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Saving Sex: The black Tebow Print
Written by Karen Farris   

http://blogs.christianpost.com/friday-tidings/saving-sexthe-black-tebow-17973/

 
Hook-ups Bring Hang-ups Print
Written by Karen Farris   

http://blogs.christianpost.com/friday-tidings/hook-ups-bring-hang-ups-17800/

Last Updated on Saturday, 07 September 2013 09:46
 
HPV & Gardasil Print
Written by Karen Farris   

http://www.abstinence.net/our-blog/stds/doctor-comes-clean-about-gardasil/

 
Living Together = Less Commitment Print
Written by Karen Farris   

Marriage is struggling in popularity. More couples are choosing to take a test drive. Sharing an apartment, a bed, and the rent payment is the new beginning to a future together. Seeing how things work out and discovering what the other is really like seems to make sense.

So how’s it working? A recent study of 1500 couples—equally divided between those who were living together and those who were married, showed some interesting findings. The couples that lived together—even the ones having lived together for over a year, weren’t as close as the married couples.

As far as spending money together as a couple, 40% of the women in the cohabiting group had spent $500.00 with their partners, while 80% of the married women had. Clearly, the married women had a sense of partnership in the couple’s finances. In terms of intimacy and commitment, couples who lived together felt less close than the married couples. Over half the cohabitating couples weren’t certain their relationship was permanent.

Cohabitating relationships are always tougher on the woman, who is generally seeking a partner who will be looking for a deeper, more committed relationship. Yet, their hopes are most often unfulfilled. Even more telling, is that most men in the cohabitating relationships are less likely to say that they “love their partner a lot”.

Living together isn’t an insurance policy against failure; it’s more likely an assurance that the marriage you’re desiring may never happen.

 

 
Sex: When the Cost is Hidden Print
Written by Karen Farris   

She’d been asked to speak to the students, but she could clearly see their disinterest. Clicking the remote, the screen in front flashed her first slide about STDs. She wasn’t all that much older than the students seated before her, and she knew what they were feeling and probably doing when their parents weren’t around.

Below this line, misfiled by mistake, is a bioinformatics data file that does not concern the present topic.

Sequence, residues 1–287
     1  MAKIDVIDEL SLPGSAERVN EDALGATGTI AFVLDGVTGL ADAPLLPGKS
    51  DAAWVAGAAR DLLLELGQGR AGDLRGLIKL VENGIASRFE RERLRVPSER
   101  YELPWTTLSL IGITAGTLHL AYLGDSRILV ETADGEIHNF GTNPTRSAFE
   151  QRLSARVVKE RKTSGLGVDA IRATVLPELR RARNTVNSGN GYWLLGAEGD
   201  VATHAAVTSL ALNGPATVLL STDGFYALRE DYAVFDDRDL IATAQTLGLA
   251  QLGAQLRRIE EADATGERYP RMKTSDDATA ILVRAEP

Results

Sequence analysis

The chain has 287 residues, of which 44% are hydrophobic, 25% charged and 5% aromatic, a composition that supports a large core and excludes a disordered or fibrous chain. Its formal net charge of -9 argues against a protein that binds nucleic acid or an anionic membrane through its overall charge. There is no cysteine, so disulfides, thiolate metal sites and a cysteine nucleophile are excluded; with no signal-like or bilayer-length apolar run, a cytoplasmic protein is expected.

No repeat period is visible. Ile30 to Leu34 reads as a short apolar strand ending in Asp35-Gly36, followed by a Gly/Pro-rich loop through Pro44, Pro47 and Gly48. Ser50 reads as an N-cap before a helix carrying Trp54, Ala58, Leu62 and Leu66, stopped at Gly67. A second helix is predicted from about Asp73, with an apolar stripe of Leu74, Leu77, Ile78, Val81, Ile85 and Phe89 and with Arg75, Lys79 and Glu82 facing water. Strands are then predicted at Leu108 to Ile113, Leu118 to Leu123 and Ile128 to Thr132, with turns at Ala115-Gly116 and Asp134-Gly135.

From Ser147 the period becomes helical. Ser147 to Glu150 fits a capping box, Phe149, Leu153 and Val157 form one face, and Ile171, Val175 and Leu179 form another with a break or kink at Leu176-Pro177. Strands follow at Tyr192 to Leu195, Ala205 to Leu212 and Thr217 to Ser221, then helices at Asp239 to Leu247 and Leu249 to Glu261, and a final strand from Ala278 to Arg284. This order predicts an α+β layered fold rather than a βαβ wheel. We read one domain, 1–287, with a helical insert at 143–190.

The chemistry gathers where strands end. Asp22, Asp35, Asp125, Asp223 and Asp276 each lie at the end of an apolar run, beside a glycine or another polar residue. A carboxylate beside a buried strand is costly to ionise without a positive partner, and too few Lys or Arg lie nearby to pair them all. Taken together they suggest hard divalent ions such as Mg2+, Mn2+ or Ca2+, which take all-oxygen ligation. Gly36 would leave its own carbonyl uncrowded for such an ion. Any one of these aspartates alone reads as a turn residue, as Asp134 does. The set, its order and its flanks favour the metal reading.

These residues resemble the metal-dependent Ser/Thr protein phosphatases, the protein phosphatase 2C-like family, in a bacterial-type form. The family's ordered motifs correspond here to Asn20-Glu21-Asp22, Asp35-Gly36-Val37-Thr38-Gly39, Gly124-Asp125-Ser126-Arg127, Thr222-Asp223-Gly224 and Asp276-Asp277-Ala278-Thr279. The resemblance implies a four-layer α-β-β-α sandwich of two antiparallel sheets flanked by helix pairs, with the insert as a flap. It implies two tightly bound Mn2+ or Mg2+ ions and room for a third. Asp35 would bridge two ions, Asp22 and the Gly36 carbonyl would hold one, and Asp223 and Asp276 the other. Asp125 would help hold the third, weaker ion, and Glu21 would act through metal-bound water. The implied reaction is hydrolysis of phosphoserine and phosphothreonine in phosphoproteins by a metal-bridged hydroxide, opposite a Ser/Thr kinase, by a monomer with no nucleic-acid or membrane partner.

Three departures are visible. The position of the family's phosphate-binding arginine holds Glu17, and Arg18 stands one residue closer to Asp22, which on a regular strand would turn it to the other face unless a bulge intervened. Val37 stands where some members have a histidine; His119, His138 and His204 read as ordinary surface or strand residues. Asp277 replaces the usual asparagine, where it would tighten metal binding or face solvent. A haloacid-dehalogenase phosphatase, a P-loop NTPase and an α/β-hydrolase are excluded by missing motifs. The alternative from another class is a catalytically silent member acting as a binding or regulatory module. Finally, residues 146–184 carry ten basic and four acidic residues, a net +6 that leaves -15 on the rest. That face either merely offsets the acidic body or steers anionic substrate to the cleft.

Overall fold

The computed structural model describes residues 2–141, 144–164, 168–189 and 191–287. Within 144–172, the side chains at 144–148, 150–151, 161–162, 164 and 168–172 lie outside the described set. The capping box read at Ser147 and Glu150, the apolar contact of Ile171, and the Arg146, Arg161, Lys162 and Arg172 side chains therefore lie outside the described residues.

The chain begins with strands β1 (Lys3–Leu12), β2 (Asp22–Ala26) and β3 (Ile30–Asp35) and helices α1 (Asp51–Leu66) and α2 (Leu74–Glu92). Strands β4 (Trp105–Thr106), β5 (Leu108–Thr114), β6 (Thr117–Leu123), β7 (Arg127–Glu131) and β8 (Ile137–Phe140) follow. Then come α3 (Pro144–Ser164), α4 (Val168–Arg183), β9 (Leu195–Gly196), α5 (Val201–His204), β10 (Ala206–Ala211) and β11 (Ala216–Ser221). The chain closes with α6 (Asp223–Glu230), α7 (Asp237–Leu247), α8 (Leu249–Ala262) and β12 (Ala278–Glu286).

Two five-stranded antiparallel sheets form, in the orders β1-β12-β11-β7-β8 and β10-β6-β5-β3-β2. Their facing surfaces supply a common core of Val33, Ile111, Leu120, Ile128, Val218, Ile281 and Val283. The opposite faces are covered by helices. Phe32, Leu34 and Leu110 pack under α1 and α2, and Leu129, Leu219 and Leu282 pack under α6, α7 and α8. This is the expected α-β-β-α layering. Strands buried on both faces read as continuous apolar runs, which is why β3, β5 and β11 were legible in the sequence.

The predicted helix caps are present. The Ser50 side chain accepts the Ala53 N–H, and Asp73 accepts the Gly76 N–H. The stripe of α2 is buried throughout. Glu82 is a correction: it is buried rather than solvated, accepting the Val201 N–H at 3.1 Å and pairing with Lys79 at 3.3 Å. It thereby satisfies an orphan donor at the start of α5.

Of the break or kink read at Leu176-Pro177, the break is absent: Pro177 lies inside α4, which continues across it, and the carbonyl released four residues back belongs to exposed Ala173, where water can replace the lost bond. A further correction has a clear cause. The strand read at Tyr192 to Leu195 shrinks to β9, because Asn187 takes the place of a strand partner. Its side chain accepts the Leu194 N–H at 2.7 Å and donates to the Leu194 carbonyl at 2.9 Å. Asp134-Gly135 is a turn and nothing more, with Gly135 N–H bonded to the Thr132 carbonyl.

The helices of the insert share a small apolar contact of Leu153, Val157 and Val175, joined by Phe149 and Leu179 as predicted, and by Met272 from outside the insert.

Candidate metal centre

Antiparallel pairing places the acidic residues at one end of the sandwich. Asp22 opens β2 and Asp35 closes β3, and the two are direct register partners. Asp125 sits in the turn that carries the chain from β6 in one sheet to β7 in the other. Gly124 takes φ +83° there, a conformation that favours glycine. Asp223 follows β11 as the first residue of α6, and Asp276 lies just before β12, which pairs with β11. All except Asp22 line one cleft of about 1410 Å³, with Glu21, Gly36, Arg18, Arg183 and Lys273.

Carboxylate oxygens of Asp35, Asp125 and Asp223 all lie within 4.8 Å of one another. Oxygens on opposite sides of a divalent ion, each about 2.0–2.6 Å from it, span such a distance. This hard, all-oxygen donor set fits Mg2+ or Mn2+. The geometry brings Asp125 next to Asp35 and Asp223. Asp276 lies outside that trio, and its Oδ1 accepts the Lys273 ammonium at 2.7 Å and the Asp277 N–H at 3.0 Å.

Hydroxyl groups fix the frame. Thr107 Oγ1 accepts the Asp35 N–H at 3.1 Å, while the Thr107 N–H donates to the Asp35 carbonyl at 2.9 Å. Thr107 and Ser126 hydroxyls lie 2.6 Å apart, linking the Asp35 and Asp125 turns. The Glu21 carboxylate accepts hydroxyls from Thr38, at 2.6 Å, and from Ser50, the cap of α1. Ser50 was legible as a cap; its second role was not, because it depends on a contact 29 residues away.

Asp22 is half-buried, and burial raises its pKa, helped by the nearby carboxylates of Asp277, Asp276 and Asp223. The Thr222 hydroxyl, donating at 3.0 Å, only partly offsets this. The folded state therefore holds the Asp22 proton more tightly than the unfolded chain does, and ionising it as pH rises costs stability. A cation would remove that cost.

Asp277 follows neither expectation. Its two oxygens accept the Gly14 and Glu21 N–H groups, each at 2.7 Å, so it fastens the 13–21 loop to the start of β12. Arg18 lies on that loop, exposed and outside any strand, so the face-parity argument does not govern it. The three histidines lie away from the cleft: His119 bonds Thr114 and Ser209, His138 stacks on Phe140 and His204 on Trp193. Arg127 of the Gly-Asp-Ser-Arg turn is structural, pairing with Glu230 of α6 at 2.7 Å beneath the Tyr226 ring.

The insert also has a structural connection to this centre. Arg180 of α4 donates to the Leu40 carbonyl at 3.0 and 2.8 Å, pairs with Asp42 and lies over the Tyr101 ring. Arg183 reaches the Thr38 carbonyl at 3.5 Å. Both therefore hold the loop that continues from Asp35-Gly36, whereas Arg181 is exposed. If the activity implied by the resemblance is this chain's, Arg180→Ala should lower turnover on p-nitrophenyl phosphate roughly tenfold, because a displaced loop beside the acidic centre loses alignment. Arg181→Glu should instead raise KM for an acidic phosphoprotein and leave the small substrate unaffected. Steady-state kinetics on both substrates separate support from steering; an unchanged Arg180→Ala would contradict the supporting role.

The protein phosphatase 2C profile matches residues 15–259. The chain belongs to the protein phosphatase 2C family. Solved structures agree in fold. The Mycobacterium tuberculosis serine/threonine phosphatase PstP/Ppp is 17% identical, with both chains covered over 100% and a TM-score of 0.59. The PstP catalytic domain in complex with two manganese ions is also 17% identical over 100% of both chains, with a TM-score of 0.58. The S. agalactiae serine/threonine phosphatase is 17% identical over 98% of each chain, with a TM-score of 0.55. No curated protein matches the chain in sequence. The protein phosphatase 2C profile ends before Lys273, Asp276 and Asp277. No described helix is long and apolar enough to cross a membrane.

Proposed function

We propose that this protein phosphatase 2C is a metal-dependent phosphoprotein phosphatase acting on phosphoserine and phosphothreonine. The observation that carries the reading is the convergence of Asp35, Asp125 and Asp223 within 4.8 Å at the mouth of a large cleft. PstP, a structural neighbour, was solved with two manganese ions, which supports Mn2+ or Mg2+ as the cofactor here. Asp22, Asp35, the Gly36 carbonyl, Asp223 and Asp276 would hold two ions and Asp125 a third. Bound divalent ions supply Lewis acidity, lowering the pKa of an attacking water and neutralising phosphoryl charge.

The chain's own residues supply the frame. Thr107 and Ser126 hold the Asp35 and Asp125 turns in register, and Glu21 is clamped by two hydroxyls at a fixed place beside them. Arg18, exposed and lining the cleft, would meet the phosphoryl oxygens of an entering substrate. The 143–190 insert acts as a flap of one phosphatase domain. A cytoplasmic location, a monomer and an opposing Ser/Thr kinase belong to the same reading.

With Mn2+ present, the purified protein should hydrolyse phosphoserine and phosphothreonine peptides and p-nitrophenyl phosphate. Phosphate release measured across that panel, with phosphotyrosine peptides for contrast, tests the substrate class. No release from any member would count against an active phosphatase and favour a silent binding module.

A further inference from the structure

She explained that some STDs were silent—causing damage without noticeable symptoms. When she showed them the pyramid of STDs, their teen bravado manifested—naturally, teens think bad stuff only happens to others. Frustrated with their cavalier attitudes, she flipped off the projector and leaned against the desk. She decided to tell them a story.

 

There was a girl who went to church with her family on Sundays, and then did whatever else she wanted the rest of the week. She liked her freedom and as long as she got home by curfew, her folks never knew what she was really doing.

At first it was exciting to meet older guys at the theater and then ride around until midnight. Soon they were going to darkened apartments and pairing off. She didn’t intend to have sex, and she kept telling herself she would be more careful next time.

But there were lots of next times. Sex became as routine as church. When her high school years were finally over, she decided that the wild part of her life needed to end too. She went to college and decided not have sex until she found someone who’d stay with her for life. A couple years later, an amazing man made that promise, proposed the old-fashioned way by asking her dad first, and they soon married.

They built a sweet life and anticipated the children they’d have. They waited. And waited. Then she discovered an awful truth—an undiagnosed Chlamydia infection as a teen had severely scarred her fallopian tubes. She was sterile. She couldn’t have a child. She didn’t think that her carefree teenage life would rob her of the family she’d always dreamed about. She cried at the unfairness, but she knew she’d made that choice long ago and would now live with it.

 

The classroom was silent and waited for her to continue. They watched her as she gathered her presentation materials. Looking at the clock, she nodded to the teacher sitting in the back of the room. As she reached the door, she stopped and turned to the class one last time.

Whatever you think about sex, it does come with a price. I know. Because the girl in the story—the girl who finally found true love, and then discovered she’d never have a child…that girl is me.

For anyone having sex outside of a healthy, monogamous marriage, the odds aren’t in your favor. The Centers for Disease Control says there are nearly 20 million new cases of sexually transmitted infections annually. By age 25, one in two sexually active persons will have an STD/STI. Each year one in four teens contracts an STD/STI. Do you really know the price tag of sex?  Don’t find out the hard way. Save sex for marriage.

http://www.ashasexualhealth.org/std-sti/std-statistics.html

 

Last Updated on Friday, 05 July 2013 06:53
 
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